The neutral axis normally lies in the concrete in case of full shear connection; but in

regions of partial shear connection, the neutral axis may be within the steel section. The

local buckling of steel sections should then be considered. For sheeting in tension, the

width of embossments should be neglected. Therefore, the effective area 'Ap' per meter

and height of centre of area above bottom 'e' are usually based on tests. The plastic

neutral axis ep is generally larger than e.

The simple plastic theory of flexure is used for analysis of these floors for checking the

design at Limit State of collapse load. Eurocode assumes the equivalent ultimate stress of

concrete in compression as 0.85(fck)cy/c where (fck)cy is the characteristic cylinder

compression strength of concrete. However, IS 456: 1978 uses an average stress of 0.36

(fck)cu accommodating the value of c and considering (fck)cu as characteristic cube strength

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COMPOSITE FLOORS - I

the appendix. Note that in this chapter fck refers to cube strength of concrete

b

0.445 fck

0.42x

ht

hc

dp

Ncf

Ncf

Nac

bo

Mpr

Nac

Area Ap

(a)

(b)

(e)

(d)

(c)

3.1

Full shear connection is assumed. Hence, compressive force Ncf in concrete is equal to

steel yield force Npa.

N cf N pa

Ap f yp

(1)

ap

where Ap

fyp

ap

=

=

=

Yield strength of steel

Partial safety factor (1.15)

x

N cf

b 0.36 fck

( 2)

This is valid when x hc, i.e. when the neutral axis lies above steel decking.

Mp.Rd = Ncf (dp - 0.42 x)

Version II

Nac

Na

ep

Centroidal axis

Ncf

e

Ncf

(3)

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COMPOSITE FLOORS - I

Note that centroid of concrete force lies at 0.42 x from free concrete surface.

Mp.Rd is the design resistance to sagging bending moment.

3.2

Neutral axis within sheeting and full shear connection [Fig. 5(c)]

N cf bhc 0.36 f ck

(4)

The compression of concrete within rib is neglected. The force Ncf is less than Npa.

The tensile force in sheeting is split into Na (equal to compressive force Ncf) plus Nac.

Na = Ncf

and the remaining force Nac such that the total tensile force is Nac + Na. The equal and

opposite force Nac provide resisting moment Mpr. Note this Mpr will be less than Mpa, the

flexural capacity of steel sheeting. The relationship between

M pr

M pa

and

N cf

N pa

is shown

in Fig. 6(a) in the dotted line. For design this can be approximated by line ADC that can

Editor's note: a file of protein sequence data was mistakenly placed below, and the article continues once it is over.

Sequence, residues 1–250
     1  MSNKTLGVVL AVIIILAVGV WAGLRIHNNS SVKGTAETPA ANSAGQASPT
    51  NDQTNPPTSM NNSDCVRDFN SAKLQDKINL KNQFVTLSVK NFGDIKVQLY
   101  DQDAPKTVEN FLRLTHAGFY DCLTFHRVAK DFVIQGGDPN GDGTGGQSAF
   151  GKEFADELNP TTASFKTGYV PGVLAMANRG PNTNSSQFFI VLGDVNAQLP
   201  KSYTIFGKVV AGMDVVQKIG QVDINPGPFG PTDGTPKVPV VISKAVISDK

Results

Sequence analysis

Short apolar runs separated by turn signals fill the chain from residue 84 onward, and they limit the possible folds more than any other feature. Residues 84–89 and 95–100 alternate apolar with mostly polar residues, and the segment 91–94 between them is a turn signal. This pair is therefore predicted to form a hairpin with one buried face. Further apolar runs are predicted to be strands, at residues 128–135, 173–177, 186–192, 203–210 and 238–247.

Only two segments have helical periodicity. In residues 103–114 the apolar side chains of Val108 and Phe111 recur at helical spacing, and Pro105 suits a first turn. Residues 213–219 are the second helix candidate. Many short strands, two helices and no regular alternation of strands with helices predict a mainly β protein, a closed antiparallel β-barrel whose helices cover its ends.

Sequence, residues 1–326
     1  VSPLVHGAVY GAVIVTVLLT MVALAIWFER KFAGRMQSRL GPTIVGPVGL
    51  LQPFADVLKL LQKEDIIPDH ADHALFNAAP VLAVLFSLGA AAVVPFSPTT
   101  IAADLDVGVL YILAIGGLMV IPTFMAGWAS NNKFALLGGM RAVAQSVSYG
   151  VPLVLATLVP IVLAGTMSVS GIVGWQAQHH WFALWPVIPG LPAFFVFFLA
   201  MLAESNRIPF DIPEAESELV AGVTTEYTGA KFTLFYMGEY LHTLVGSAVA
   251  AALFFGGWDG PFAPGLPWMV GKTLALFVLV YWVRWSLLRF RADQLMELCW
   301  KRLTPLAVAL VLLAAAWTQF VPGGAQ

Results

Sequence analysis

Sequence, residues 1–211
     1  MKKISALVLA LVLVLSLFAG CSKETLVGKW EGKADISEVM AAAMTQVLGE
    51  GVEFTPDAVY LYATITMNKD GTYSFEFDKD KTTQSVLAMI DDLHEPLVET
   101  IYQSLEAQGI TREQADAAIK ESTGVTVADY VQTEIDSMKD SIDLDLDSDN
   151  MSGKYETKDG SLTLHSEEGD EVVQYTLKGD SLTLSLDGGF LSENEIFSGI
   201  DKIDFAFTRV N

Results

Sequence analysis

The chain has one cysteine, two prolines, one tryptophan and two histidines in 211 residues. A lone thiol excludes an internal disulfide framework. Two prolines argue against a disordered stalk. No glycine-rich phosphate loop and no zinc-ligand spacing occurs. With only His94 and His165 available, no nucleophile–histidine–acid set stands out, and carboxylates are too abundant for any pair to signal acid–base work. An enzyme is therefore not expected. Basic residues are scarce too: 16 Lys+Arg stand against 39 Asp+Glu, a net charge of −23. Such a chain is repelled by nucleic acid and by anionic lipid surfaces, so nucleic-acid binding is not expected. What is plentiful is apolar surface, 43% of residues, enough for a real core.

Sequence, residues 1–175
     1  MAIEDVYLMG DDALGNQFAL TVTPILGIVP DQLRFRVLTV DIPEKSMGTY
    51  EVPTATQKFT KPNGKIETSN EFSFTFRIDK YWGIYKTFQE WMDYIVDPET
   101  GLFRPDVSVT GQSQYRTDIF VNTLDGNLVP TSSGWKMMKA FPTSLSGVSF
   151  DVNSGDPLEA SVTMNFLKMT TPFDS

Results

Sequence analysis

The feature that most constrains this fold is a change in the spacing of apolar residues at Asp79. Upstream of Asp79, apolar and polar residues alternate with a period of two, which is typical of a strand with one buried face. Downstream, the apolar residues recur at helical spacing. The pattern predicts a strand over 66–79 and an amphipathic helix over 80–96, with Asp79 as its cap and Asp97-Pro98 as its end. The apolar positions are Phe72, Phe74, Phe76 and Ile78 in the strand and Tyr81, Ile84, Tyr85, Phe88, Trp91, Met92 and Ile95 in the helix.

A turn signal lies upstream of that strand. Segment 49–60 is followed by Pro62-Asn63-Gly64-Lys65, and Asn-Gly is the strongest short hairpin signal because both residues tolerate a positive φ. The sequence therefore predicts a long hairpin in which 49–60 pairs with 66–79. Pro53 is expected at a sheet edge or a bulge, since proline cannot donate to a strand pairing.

be expressed as

N cf

M pr 1.25 M pa 1

M pa

N pa

(5)

Mp.Rd = (Ncf)z + Mpr

(6)

Sum of resistance is shown in Fig. 5(d) and Fig. 5(e), which is equal to the resistance

shown in Fig. 5(c).

The lever arm z can be found by examining the two extreme cases. For case (i) where Ncf

= Npa or Ncf /Npa = 1.0, Nac = 0 and hence Mpr = 0.

Mp.Rd = Npa (dp-0.42 hc)

(7)

(8)

For case (ii), on the other hand

Ncf 0; Na = 0.

Mpr = Mpa. The neutral axis is at a height ep above the bottom. Then

z = ht - 0.42hc - ep

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(9)

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COMPOSITE FLOORS - I

z ht 0.42 hc e p

e p e Ncf

(10)

N pa

ht 0.42hc z

Mpr / Mpa

1.25

ep

1.0

A

F

e

B

C

0

1.0

Ncf / Npa

(a)

1.0

(b)

3.3

In this case, the compressive force in the concrete Nc is less than Ncf and depends on the

strength of shear connection and the stress blocks are as shown in Fig. 5(b) for the slab

(with Nc in place of Ncf) and Fig. 5(c) for sheeting.

The depth of stress block is,

Nc

hc

b 0.36 f ck

(11)

Nc

Ncf

=

=

Version II

Ncf

Npa

23 - 9

Ncf / Npa

COMPOSITE FLOORS - I

hc

Thus,

z ht 0.42 x e p

ep e Nc

(12)

N cf

N

M pr 1.25 M pa 1 c

N

cf

M pa

(13)

M p.Rd N c z M pr

4.0

(14)

The shear resistance of composite slab largely depends on connection between profiled

deck and concrete. The following three types of mechanisms are mobilised:

(i)

(ii)

(iii)

Mechanical interlock provided by dimples on sheet and shear connectors

Provision of end anchorage by shot fired pins or by welding studs (Fig. 7) when

sheeting is made to rest on steel beams.

Natural bond is difficult to quantify and unreliable, unless separation at the interface

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COMPOSITE FLOORS - I

between the sheeting and concrete is prevented. Dimples or ribs are incorporated in the

sheets to ensure satisfactory mechanical interlock. These are effective only if the

embossments are sufficiently deep. Very strict control during manufacture is needed to

ensure that the depths of embossments are consistently maintained at an acceptable level.

End anchorage is provided by means of shot-fired pins, when the ends of a sheet rests on

a steel beam, or by welding studs through the sheeting to the steel flange.

Quite obviously the longitudinal shear resistance is provided by the combined effect of